Another mirrorless marvel from Nikon, but the mid-range competition is very hot. Their previous success with Nikon Z6 makes it one of the best cameras in the list. Now they are trying to repeat the trick with their newest Nikon Z50 that uses APS-C camera.
Nikon Z50: Features
The center of the Z50 is a 20.9 MP sensor, which is joined by an Expeed 6 processor. Although the pixel count is the same as D500 DSLR, the sensor isn’t the same. The Expeed engine helps to facilitate features like 4K video recording and the native ISO range, which starts as low as ISO 50 and tops out as ISO 25600.
Nikon Z50 has 209 AF points and ISO range from 100 to 51.200. The max burst of 11fps. You can connect the Z50 using Wi-Fi connection and Bluetooth. It has the same Z-mount as Nikon Z6/Z7 and electronic viewfinder and also tilting touchscreen.
Also joining the party from the Z6 is the same hybrid autofocusing system, with 209 on-sensor AF points that cover approximately 90% of the frame and promise to deliver edge-to-edge sharpness. Sensitivity down to -4EV is promised for low-light shooting, and there’s also Eye-Detection AF, which should come in handy when photographing people; unlike Sony’s similarly specced models, there’s no Animal Eye AF, though.
To compose your images, you’ve got the choice of a 0.39-inch, 2360k-dot electronic viewfinder or a 3.2-inch tilting TFT LCD, which is touch-sensitive. Unlike the Z6/Z7, you have the benefit of tilting this to face forward from the bottom hinge, making it useful for selfies – but less so for attaching the camera to a tripod.
The option of shooting 4K video is pretty standard on most cameras now, and the Z50 includes this, with frame rates up to 30fps available.
To transfer your files to your smartphone there’s in-built Wi-Fi and Bluetooth, which works with Nikon’s SnapBridge app. There’s a micro USB port for in-camera charging too, which means you can restore its charge via a portable external battery, although it’s a shame this isn’t the increasingly common USB-C connection type.
A final thing worth mentioning is that this camera accepts SD cards in its single card slot, rather than the XQD format used by the Z6/Z7. This is good news for those who are already in possession of a stack of SD cards – and for the wallets of those who aren’t, as this format is much cheaper than XQD.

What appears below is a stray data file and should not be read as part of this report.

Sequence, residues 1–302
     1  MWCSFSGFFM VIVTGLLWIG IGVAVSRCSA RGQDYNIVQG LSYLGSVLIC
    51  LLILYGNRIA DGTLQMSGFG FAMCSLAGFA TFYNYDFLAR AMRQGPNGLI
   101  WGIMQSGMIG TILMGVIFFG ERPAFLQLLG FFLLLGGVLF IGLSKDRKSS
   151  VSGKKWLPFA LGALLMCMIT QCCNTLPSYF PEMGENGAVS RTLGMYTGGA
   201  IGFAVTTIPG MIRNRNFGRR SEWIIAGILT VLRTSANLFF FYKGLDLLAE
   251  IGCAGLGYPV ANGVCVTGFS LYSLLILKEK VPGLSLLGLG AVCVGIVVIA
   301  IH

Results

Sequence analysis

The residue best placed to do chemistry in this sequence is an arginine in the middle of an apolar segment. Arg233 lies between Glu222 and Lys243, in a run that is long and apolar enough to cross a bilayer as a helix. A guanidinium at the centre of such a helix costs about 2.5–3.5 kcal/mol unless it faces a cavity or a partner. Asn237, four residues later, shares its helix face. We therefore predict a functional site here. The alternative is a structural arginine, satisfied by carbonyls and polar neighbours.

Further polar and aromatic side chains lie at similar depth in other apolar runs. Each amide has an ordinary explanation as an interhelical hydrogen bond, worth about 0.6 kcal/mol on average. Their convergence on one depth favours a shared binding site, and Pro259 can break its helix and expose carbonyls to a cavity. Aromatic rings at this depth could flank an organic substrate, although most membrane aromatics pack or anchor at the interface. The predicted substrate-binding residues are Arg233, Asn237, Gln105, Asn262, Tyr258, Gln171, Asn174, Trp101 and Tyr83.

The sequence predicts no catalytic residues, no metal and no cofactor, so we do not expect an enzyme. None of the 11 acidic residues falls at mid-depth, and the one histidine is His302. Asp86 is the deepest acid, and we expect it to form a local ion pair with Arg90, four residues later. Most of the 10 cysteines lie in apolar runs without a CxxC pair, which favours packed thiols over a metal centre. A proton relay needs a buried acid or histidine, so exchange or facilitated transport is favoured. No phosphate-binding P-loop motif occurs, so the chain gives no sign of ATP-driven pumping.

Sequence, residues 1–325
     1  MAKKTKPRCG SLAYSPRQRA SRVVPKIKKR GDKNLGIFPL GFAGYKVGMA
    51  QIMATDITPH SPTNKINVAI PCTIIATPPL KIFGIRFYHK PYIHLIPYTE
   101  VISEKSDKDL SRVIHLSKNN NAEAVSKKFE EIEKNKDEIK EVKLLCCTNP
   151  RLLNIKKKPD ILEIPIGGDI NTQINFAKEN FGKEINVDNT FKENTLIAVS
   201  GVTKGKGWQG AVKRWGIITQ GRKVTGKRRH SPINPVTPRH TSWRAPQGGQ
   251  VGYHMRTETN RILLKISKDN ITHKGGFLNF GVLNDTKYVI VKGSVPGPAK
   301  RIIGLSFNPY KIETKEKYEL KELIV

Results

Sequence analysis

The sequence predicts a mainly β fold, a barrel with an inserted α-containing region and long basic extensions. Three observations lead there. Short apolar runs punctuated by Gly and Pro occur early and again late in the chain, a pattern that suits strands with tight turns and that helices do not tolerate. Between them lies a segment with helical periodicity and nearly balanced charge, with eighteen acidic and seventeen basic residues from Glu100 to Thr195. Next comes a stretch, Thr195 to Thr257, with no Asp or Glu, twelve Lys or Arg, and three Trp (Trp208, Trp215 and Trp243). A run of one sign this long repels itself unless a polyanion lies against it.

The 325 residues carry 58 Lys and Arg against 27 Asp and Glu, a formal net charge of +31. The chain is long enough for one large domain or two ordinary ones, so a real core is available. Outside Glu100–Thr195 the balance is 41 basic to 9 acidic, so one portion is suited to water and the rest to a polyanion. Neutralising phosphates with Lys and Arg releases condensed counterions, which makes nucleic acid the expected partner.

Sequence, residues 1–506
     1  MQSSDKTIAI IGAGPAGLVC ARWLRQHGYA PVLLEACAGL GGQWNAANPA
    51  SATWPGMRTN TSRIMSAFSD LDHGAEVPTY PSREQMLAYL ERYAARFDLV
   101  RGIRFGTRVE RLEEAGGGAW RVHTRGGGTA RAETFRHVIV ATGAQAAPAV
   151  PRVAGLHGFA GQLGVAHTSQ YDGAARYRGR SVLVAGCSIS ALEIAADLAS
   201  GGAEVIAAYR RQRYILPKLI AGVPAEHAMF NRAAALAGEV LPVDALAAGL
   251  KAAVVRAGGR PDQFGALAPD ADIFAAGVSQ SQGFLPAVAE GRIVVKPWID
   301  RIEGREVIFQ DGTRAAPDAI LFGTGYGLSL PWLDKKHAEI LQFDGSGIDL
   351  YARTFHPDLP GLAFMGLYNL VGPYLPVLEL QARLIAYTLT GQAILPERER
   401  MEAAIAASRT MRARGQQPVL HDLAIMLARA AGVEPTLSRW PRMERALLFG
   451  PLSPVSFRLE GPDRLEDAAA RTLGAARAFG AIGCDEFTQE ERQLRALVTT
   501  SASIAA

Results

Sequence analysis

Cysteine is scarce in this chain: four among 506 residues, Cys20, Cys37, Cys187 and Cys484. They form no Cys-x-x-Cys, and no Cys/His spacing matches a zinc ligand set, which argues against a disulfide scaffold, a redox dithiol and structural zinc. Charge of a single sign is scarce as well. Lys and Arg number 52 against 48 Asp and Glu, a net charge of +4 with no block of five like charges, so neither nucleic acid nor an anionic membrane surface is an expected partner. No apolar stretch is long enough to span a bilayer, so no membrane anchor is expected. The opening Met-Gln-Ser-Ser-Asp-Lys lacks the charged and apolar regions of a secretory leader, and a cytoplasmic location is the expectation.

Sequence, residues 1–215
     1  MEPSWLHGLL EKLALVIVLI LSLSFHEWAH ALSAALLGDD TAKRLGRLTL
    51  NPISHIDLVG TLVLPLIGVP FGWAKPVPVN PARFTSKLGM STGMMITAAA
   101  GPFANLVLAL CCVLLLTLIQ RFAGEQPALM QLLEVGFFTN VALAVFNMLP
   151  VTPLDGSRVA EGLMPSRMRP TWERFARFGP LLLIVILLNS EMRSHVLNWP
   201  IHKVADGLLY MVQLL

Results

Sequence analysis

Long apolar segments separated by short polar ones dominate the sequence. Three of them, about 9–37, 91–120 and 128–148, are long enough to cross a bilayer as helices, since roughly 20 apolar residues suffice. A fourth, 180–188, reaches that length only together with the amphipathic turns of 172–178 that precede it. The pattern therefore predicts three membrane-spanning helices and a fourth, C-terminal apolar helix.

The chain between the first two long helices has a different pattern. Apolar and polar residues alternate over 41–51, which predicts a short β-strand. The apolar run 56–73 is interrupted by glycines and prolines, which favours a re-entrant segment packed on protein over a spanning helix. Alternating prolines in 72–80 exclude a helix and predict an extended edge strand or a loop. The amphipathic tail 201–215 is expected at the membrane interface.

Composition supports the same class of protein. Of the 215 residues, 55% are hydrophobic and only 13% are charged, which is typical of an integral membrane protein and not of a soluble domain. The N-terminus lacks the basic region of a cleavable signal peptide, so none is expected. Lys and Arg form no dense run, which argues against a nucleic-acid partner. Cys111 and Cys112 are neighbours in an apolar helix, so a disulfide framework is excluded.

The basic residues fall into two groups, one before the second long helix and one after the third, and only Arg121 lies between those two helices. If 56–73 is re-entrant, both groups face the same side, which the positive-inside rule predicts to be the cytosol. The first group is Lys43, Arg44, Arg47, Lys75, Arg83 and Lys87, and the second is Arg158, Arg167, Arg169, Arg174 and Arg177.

Nikon Z50: Build and handling
Place the Z50 next to its full-frame siblings, the Z6 and Z7, and you can definitely see the resemblance. They have the same kind layout, viewfinder placement and button layout, only in a more compact frame.
Using the camera with the new Nikkor 16-50mm f/3.5-5.6 ‘pancake’ lens makes for a very neat overall package; it’s not quite pocket-friendly, but it certainly slides much more neatly into smaller bags than a full-frame equivalent.
Some of the controls in Z50 have been removed to save space. There are no more top-plate LCD, and no joystick on the back of the camera, which is, make a little bit of loss to us.
Although the touchscreen is pretty handy, you can’t continue to use it while working with the viewfinder though. So you might find it a little bit slower while selecting your preferable AF point, because you have to work with the much slower directional keys.
The positive side on note, the buttons on Z50 don’t feel too cramped, despite being placed in a smaller form factor. The grip is steady and comfortable to use for long period of time. Some of the removed buttons have been replaced on the touchscreen options, such is the magnify option and display option.
On the top of the camera is a mode dial, with a switch that allows you to jump straight to shooting video, and back to still again. The top is also house to a dedicated video record button, an ISO button and an exposure compensation button.
While the Z50’s electronic viewfinder isn’t quite up to the standard of those on its full-frame siblings – not that you’d expect it to be – it remains very usable, and if you’ve never used one of the full-frame models, you’re also much less likely to notice the reduction in quality. The tilting screen is also great, with the new forward-facing option being helpful for selfies and video recording, though some will be disappointed that you can’t use it easily when the camera is mounted on a tripod.